To make basic research transcend the walls of a university for the benefit of the society, technology transfer processes such as patenting, market analysis, and economic assessment are essential. Therefore small dedicated units, called technology transfer offices, have emerged during the last four decades. The emergence is a manifestation of a general political intention to make basic research have direct impact on society – to focus on application and publication, and not just the latter. The process is, however, not straightforward and different universities have different way of doing it.
University of Southern Denmark has recently implemented a highly extrovert and progressive science-based communicative strategy providing an adequate framework for a “grass-roots moving” among researchers. By working on four frontlines we aim to ensure high degree of transparency in the technology transfer activities, to demythologize pseudo-idealistic and inadequate perceptions on the role of e.g. patents, to scout early-stage business opportunities, to map the competence landscape of the university and to ensure a three-faceted political alignment.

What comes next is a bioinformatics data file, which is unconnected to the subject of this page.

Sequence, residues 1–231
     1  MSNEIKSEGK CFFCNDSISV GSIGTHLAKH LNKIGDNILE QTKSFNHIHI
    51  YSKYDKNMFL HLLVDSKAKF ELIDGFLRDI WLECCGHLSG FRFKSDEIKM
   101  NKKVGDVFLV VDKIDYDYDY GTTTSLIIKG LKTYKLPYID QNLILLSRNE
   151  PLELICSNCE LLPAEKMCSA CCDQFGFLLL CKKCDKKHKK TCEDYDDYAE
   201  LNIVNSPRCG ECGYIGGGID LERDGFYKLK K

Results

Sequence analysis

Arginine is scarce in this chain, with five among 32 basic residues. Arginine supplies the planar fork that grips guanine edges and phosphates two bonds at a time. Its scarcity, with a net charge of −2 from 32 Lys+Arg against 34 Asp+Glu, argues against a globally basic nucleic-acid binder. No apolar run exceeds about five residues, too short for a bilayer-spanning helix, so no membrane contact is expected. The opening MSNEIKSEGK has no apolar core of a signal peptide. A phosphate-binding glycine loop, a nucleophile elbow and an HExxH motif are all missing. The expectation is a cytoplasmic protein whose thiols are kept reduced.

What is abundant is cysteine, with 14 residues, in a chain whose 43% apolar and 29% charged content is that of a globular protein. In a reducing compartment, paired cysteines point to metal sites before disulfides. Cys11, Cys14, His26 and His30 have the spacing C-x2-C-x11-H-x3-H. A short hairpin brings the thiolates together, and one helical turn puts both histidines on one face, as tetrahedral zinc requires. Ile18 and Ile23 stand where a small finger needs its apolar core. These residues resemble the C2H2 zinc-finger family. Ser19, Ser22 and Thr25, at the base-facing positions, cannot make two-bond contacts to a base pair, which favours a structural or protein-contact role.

We here present what we would call the SDU-model of doing technology transfer anno 2012. Despite the short timeline in which it has been implemented we already harvest the early fruits of the model, which encourage us hereby to present the model, its underlying strategy, its rationale and its perspectives. We believe that the model are unique with respect to the holistic four-frontline focus, addresses some of the major challenges of academic technology transfer and we are confident that universities worldwide could benefit from it or a context-dependent modified versions hereof.Full details at the Journal of Commercial Biotechnology